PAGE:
From Modern Mythcraft to Magical Surrealism

The White Part of the Apple

They found her on the playground. It was October, and the ground was cold. There was a yellow leaf stuck in her hair, which spilled like black ink over the mulch. Her dress was white. Her face was white, covered in ice, and it frosted her eyelashes. Her lips were purple until one of them wiped her face with a cloth and then her lips were red, red like falling leaves, red like ripe apples, red like blood.

They picked her up and took her home. For a while there was a sort of wet shape in the mulch, just enough to show that a snow girl had lain there for a while. But then the wet evaporated and the wind blew and you would never know that anyone had braved the cold to go to the playground that day.

* * *

They are tall. They are small. They are seven. She is their in-between girl, and they take care of her until she thaws some. Then she can move, can see, can get up and cook spaghetti. She does not clean, except when she needs dishes to make her dinner.

Sometimes she plays solitaire. Sometimes she plays music. Sometimes she thinks they are not there at all, and she is still frozen, dreaming while she waits for the sun to come and melt her away. Sometimes she goes to the school and the boys and girls there say You are beautiful and You are lovely and I want you for my very own. Sometimes the boys and girls scare her and she runs away, back to her cards and her piano and her dreaming.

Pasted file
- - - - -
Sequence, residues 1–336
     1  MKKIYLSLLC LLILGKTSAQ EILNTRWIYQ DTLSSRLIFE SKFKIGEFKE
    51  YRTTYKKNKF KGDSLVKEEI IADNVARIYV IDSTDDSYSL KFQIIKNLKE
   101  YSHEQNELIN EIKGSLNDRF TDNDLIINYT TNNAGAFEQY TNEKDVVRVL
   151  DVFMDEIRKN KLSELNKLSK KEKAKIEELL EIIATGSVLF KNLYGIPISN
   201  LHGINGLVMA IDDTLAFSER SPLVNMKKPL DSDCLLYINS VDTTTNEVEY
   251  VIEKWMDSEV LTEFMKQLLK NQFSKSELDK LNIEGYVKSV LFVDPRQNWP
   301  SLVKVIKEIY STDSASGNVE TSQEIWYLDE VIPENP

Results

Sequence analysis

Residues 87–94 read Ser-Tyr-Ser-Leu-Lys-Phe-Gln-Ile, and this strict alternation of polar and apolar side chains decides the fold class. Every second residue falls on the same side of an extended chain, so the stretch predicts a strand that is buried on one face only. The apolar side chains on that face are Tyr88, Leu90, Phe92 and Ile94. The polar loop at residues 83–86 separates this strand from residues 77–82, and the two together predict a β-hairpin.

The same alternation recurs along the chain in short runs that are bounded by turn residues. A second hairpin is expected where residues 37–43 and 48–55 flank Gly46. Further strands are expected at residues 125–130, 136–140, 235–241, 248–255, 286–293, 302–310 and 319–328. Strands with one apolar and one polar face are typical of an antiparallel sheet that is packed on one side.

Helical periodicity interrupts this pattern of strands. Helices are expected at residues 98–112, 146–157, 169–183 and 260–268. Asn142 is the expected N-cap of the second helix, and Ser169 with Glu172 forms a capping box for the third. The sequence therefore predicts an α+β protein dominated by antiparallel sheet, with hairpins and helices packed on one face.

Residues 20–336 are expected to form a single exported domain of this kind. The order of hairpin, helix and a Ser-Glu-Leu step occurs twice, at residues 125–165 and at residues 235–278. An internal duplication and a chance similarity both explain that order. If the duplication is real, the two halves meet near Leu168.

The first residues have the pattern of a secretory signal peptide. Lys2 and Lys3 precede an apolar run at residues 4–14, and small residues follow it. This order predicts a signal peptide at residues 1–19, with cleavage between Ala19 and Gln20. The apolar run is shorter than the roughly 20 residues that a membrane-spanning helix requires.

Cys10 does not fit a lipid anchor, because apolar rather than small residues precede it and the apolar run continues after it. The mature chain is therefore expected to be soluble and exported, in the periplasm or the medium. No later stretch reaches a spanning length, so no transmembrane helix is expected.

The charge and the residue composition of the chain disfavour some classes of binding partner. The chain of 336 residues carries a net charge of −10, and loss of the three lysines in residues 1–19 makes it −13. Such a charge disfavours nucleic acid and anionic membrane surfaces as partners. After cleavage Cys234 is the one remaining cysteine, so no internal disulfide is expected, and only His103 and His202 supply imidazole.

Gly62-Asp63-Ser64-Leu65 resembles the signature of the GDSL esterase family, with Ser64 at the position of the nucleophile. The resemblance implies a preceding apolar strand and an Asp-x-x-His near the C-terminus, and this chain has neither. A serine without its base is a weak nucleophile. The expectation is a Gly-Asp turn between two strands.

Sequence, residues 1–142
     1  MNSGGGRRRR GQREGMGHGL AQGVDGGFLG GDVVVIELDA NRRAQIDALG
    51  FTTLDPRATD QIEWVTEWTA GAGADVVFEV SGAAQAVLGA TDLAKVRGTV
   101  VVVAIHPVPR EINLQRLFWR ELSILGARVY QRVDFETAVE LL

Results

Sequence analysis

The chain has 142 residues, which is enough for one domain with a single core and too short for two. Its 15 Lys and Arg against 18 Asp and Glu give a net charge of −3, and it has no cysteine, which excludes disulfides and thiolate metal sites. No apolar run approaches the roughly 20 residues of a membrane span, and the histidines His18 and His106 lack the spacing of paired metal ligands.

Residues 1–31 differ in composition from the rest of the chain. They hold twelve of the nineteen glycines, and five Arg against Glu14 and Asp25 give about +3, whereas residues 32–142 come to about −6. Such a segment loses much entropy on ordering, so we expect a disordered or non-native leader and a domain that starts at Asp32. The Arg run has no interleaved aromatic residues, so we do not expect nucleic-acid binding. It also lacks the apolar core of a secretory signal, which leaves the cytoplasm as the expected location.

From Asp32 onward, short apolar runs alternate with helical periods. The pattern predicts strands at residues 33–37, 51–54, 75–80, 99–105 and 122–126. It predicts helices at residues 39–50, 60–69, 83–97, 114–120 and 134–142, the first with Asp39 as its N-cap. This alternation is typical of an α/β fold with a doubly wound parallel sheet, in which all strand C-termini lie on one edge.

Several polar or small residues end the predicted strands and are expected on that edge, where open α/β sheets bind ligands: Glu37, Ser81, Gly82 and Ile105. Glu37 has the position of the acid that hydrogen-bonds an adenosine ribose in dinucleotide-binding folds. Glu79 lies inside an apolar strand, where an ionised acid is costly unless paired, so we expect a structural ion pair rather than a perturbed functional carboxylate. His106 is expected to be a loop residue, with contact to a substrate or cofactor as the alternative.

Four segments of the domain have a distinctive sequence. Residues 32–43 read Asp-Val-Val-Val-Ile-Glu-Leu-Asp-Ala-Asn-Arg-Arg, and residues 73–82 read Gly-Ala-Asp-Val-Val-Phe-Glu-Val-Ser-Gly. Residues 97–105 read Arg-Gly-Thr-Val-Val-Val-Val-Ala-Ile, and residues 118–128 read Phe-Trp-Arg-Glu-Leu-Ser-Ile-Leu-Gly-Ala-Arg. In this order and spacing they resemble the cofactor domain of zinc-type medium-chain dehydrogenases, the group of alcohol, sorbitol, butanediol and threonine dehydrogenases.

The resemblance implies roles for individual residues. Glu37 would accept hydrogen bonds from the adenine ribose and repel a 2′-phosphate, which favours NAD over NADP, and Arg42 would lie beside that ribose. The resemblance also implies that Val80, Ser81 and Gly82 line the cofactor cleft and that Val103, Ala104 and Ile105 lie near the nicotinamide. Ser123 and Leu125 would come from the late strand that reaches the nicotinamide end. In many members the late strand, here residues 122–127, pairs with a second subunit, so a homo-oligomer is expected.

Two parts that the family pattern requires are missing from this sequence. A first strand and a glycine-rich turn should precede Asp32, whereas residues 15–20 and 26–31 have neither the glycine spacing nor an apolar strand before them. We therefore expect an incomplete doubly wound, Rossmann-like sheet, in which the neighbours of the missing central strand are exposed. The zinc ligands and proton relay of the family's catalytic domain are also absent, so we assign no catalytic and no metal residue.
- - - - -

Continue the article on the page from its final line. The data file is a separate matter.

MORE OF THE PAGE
She is not to look in mirrors, because mirrors tell secrets and lies. She looks anyway. The mirrors tell her nothing. She already knows she is a snow child. She knows she is a skeleton child. She can feel it for herself, see her own cold, bony hands.

* * *

She knows who the woman is. She does not tell them later, but she knows when she lays her fingers on the doorknob, she knows when she opens the door, she knows when she lets the woman lace the corset onto her, what will happen. She knows when she faints. She knows who, and what, and when, and where, and why, but she does it anyway.

Later, when she is breathing again and they hover over her like hallucinations, she thinks, How silly. Even if I didn’t know, what sort of teenager wouldn’t be freaked out by some woman selling corsets door-to-door? But she thinks perhaps they don’t know these things. After all, they probably aren’t real.

* * *

The woman comes the second time. This time she does not even give the woman time to knock. Yes, I will buy a comb. Yes, please comb my hair for me. For a moment she has a mother, gently combing her hair, and she can pretend that the comb isn’t poisoned, that the woman loves her.

They wake her again. Why didn’t they let her sleep? She was having such a lovely dream.

* * *

The woman comes the third time. Power in threes. She thinks the woman is silly, to poison the red part of the apple. She would rather eat the white, white and pale like her skin, but she knows what is expected. She knows what will make the woman happy. For her stepmother’s smile, she will play along. She will take the bait.

* * *

She sleeps. She is ice.